Afghanistan officials fired on at site of civilian massacre

Suspected insurgents fired automatic weapons and rocket-propelled grenades Tuesday at a government delegation offering condolences to villagers in a district of Kandahar province where a U.S. soldier is accused of going on a shooting rampage.

No one in the delegation, which included two brothers of President Hamid Karzai and a number of high-level officials, was injured, but a member of the Afghan security forces was killed and another was wounded, witnesses and officials said.

Members of the delegation, which also included the Afghan army chief of staff, a Cabinet minister and the Kandahar governor, had just emerged from a mosque in Panjwayi district when gunfire erupted, officials said. Karzai’s elder brother, Abdul Qayum Karzai, said the late-morning attack briefly caused chaos but that the group returned safely to Kandahar city, about 20 miles away.

Earlier, delegation members met with the families of victims of Sunday’s attack, which the U.S. military said was carried out by a soldier acting alone and without authorization. Nine of the 16 killed were children.


In what would be the most serious atrocity deliberately committed by a member of the U.S. military in the 10-year-old war, officials said the suspect went methodically from house to house, shooting some victims point-blank and gunning down others as they tried to flee.

The Taliban movement, which has been issuing statements daily denouncing the attack, made its harshest threat yet against U.S. forces on Tuesday, vowing to “behead your sadistic, murderous soldiers in every part of the country.”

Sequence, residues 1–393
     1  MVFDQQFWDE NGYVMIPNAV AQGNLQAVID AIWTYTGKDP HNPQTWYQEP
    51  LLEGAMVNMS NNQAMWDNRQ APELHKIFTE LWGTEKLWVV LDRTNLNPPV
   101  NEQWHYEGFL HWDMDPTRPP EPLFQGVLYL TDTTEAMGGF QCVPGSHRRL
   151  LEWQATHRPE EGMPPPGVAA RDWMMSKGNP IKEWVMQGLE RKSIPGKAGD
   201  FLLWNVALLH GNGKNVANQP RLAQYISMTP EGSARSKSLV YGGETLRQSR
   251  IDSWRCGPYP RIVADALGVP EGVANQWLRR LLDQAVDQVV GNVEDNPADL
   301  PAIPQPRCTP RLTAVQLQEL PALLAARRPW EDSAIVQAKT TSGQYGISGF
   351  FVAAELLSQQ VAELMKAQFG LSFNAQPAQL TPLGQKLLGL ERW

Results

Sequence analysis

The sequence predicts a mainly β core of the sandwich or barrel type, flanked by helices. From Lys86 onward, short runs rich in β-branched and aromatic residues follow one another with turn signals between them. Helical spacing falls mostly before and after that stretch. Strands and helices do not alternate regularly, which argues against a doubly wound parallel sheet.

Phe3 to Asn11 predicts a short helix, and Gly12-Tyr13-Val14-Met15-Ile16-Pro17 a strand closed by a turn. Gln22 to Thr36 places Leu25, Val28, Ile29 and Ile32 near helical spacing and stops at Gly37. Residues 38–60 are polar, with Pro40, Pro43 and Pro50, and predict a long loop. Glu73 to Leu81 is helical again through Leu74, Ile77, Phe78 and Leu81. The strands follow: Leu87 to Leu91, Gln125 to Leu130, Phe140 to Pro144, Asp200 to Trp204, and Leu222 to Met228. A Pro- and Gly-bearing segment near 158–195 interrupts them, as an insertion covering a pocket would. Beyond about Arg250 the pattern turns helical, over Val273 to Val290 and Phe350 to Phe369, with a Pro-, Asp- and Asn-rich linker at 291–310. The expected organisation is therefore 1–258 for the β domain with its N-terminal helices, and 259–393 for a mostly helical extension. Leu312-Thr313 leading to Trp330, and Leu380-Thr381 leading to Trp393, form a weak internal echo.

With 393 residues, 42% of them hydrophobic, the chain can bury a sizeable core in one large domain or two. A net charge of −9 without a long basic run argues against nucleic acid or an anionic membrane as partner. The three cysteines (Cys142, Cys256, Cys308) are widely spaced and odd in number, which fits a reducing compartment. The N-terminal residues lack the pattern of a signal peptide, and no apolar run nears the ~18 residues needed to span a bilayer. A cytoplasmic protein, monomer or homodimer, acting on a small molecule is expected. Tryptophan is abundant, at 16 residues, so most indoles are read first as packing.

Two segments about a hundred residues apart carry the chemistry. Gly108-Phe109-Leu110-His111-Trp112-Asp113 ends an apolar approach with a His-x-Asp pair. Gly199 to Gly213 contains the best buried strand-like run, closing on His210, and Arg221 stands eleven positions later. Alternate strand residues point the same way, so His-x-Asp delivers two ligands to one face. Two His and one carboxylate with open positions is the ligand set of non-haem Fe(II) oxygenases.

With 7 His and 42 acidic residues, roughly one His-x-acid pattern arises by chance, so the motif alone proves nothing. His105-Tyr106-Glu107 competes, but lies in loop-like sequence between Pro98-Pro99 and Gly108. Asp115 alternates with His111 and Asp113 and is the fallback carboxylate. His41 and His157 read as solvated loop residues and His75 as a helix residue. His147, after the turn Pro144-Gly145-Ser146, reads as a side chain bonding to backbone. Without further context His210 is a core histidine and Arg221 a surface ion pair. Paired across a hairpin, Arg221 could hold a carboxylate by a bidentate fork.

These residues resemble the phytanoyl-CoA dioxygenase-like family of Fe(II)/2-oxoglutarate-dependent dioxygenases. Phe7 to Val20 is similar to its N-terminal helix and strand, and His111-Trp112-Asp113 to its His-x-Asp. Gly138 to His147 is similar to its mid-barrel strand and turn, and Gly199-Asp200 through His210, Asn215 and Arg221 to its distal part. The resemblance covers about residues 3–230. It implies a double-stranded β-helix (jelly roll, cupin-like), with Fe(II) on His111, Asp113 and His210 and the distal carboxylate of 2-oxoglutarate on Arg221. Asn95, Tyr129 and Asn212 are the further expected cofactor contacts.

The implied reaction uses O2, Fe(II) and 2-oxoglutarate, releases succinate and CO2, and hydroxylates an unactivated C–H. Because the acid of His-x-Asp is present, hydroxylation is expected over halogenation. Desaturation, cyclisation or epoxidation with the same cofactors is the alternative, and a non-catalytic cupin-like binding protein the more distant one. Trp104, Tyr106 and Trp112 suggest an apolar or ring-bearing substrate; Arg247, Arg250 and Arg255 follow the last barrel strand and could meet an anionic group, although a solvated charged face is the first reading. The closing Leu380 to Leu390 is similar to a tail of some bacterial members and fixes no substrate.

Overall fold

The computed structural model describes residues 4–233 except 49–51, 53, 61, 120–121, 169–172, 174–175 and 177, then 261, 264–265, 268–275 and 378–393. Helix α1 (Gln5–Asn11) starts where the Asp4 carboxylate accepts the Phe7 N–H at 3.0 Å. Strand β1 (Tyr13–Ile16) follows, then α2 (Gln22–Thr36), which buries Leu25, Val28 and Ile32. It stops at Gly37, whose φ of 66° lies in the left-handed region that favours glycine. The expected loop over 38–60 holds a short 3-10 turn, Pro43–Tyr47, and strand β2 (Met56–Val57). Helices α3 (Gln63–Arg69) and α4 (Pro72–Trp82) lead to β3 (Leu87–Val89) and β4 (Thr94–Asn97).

Relatives of the dead responded angrily when delegation members assured them that the assailant would be brought to justice, and brushed off suggestions that he was a deranged individual not responsible for his actions. U.S. officials have said the soldier in custody, a 38-year-old father of two, had suffered a head injury during a tour in Iraq.

Although Sunday’s shootings have not triggered mass protests like those last month that followed the accidental burning of copies of the Koran at a U.S. military base, several hundred people rallied Tuesday in the eastern city of Jalalabad, the first substantial demonstration since the killings in Panjwayi.

Grisly photos of the victims have been shown on Afghan television and posted on social media sites, which has stoked public anger.

In Jalalabad, protesters shouted, “Death to America!” and burned an effigy of President Obama.

Obama, speaking in Washington, pledged justice for the victims of the shooting rampage, saying his administration would “spare no effort” in conducting a full investigation.

“I can assure the American people and the Afghan people that we will follow the facts wherever they lead us, and we will make sure that anybody who was involved is held fully accountable with the full force of the law,” he told reporters in the White House Rose Garden.

“The United States takes this as seriously as if it was our own citizens and our own children who were murdered,” he said. “We’re heartbroken over the loss of innocent life. The killing of innocent civilians is outrageous and it’s unacceptable. It’s not who we are as a country, and it does not represent our military.”

Times staff writer Christi Parsons in Washington contributed to this report.